This weekend I went on a super-satisfying adventure. One evening, while idly googling, I had found a hand-drawn map on the internet, detailing the way to a Thai “forest temple” on a hillside in Tai Wo which I had never seen or heard about anywhere else. For some time I had been wanting to test out this “The Beach” style scenario, with my my cyber-secret map to the mysterious shrine, so undeterred by the rain I set out to relatively distant district, close to the border at Lo Wu.
I set out from Tai Wo station across a river, through a New Territories village and up a lushly forested slope where a fast-flowing mountain stream ran amid thickets of banana trees. A gargantuan freeway spanned the valley above. Thunder rumbled and birds and butterflies flitted through the undergrowth. A light rain was falling, but occasionally I would come across a sign in Chinese bearing a Thai flag, reassuring me that I was headed in the right direction.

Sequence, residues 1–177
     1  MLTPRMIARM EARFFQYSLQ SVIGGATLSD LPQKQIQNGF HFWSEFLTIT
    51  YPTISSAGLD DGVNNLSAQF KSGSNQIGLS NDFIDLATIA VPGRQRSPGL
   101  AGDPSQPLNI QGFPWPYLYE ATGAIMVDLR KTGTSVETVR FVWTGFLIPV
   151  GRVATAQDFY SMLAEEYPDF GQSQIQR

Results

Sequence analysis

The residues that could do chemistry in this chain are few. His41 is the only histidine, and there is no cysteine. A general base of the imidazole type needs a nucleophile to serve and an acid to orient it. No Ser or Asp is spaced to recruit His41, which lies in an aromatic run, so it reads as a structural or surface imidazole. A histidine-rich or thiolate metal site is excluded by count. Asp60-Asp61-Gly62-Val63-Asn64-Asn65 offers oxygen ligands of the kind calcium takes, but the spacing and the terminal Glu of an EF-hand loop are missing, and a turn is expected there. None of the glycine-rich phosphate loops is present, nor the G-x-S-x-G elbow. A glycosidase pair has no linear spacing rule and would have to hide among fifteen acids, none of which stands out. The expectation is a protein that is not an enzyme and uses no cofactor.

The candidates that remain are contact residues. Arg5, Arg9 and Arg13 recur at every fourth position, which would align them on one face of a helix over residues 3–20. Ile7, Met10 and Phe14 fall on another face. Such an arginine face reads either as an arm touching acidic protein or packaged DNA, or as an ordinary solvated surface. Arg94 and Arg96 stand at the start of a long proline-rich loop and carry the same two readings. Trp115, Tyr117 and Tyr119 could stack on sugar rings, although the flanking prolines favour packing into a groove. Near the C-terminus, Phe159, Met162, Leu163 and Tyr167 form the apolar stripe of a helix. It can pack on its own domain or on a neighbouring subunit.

Then, sooner than expected, I was there.
Greeted by barking (but it turns out, harmless) dogs, I came to a group of women around a table heaving with fruit, tofu, vegetables and spicy sauces. One of them, who spoke English, insisted I sit down and eat. She explained that the feast was held every Saturday and Sunday, free of charge, for visitors to the temple (breakfast around 7.30am and lunchtime at 11am, as the monks are forbidden from eating after noon.) I chatted to her for a while and wandered through the modest complex with its various Buddhas and burning Vassa candles before being led to an orange-robed monk who blessed me and offered my life advise – I should exercise in the mornings and not worry so much, apparently.
And with that, my heart singing and plans for returning already buzzing in my head, I set off again down the green, dripping valley, thankful for having stumbled on to such a beautiful secret.
Many thanks to Dr Anchalee Gibbons, whoever you are, for the wonderful map!